Noodling in November

“The Star Spangled Banner” is the little black dress of anthems. It can be dressed up with  glittery orchestration or dressed down with a solo voice. It can be slinky on-the-town wear with lots of Mariah Carey-like yodeling or it can be more of a black church robe.
For a waltz it is a versatile tune.  While it is sung often, it is a hard song to sing well; it  needs a disclaimer: “Caution: rugged high-pitched terrain ahead; proceed with caution, confidence and musical decorum”.  While I have never been a fan of the lyrics: “rocket’s red glare, the bombs bursting in air” there is something about all of that modulation in one song that can cause one to get giddily happy  about one’s country.
So far away from the home key, the atmosphere gets a little thinner.
I like to think about “The Star Spangled Banner”  as a community vocal warm up exercise to prepare the gestalt for all of the hootin’ and hollerin’ to be done for the main event.

I am not overly familiar with the anthems of the worlds , but there are two that have stuck in my musical craw. These are anthems that  cause me  sing loudly the words that I do know,  mumble the ones that I don’t  and melodically attempt to balderdash my way through the tune, because I  really really, really want the song to like me.

O Canada
When I hear this anthem, I grab the closest mug of whatever I am drinking and swing it wildly. I just like the melody of this tune. So compact and accessible to the seasoned nightingale and the less confident warbler. While I do not have this anthem committed to memory, I confidently start the song with a victorious “O Canada!” and then it goes down hill from there. In my zeal to enjoy the tune, in a pinch, I have mumbled through the second line  “your bears are really big” in lieu of “our home and native land”. Well, both lines are true….right?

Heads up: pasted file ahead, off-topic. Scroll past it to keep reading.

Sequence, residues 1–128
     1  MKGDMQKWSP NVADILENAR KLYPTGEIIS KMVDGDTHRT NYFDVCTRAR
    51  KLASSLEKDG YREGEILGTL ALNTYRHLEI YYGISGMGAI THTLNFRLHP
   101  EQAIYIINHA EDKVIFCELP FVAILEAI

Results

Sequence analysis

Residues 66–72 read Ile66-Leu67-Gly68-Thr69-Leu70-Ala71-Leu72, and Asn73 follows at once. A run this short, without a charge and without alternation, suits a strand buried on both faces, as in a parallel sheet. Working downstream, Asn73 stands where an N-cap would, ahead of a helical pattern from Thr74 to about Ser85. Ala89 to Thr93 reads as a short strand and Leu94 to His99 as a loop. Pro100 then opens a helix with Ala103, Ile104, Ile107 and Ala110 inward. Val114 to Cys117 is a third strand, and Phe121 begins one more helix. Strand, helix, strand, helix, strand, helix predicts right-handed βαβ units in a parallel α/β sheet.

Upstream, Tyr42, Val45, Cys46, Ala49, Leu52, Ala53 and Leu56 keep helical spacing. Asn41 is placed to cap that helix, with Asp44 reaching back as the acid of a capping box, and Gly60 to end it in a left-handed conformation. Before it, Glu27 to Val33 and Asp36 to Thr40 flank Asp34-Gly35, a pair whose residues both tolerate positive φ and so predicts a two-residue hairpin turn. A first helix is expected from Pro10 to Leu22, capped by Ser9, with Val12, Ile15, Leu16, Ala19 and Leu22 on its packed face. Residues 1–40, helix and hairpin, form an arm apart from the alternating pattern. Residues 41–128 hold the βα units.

God Bless Africa/Nkosi Sikelel’ iAfrika
I think I first heard this melody in a documentary about apartheid in South Africa.  The haunting melody sung in Isicathamiya (a capella Zulu singing) is akin to listening to Dr Martin Luther King’s “I Have a Dream” speech. It is an economic melody that captures the sighs of overcoming. The construction of the song in several languages embodies the diversity of South Africa.

“Lord bless our nation,
Stop wars and sufferings,
Save it, save our nation,
The nation of South Africa — South Africa.”

To me, this song sounds like church on a good day.

This is my Home aka Finlandia
I had to learn this song for a special event recently, and I was so touched by it’s magnanimity that I want it to be a national anthem for someone, somewhere! This song is often associated with folk maven Joan Baez. The lyrical arms of this song are so large that it deserves to be sung often and loudly.

This is my song, O God of all the nations,
A song of peace for lands afar and mine.
This is my home, the country where my heart is;
Here are my hopes, my dreams, my sacred shrine.
But other hearts in other lands are beating,
With hopes and dreams as true and high as mine.

Any anthems of the world strike your fancy?

Enjoy the changing leaves and whatever changes that you are going through. Hope to see you soon.

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Beautiful Fool-MLK Day


As Martin Luther King Day comes to a snowy end, I came across a speech he gave several weeks before his assassination:

It is not enough for me to stand before you tonight and condemn riots. It would be morally irresponsible for me to do that without, at the same time, condemning the contingent, intolerable conditions that exist in our society. These conditions are the things that cause individuals to feel that they have no other alternative than to engage in violent rebellions to get attention. And I must say tonight that a riot is the language of the unheard.

I was surprised by the amen truth of that last  statement, ” …a riot is the language of the unheard”.  The Occupy Movement continues to simmer in various parts of country,  and there is a rumble of discontent as the economic gap widens and politicians loose sight of their true calling as servants of all people. Peaceful demonstrations and protest have the potential to bring clarity to the bargaining table. The slippery language of soul poor politicians is momentarily  trapped and they and their kin are forced to truly listen to those who have been shouting for a long time or do not have a voice.  It is in the demonstrations led and inspired by  King which spoke strongly the words, “stop”, “no”, “enough” or ” I choose a different paradigm-I choose love”.  King’s battle was for racial and economic equality, and those protests that he ignited was part of  the necessary fuel that challenged many in America to shift or get off the pot!

Thank you Dr King, for being a beautiful fool…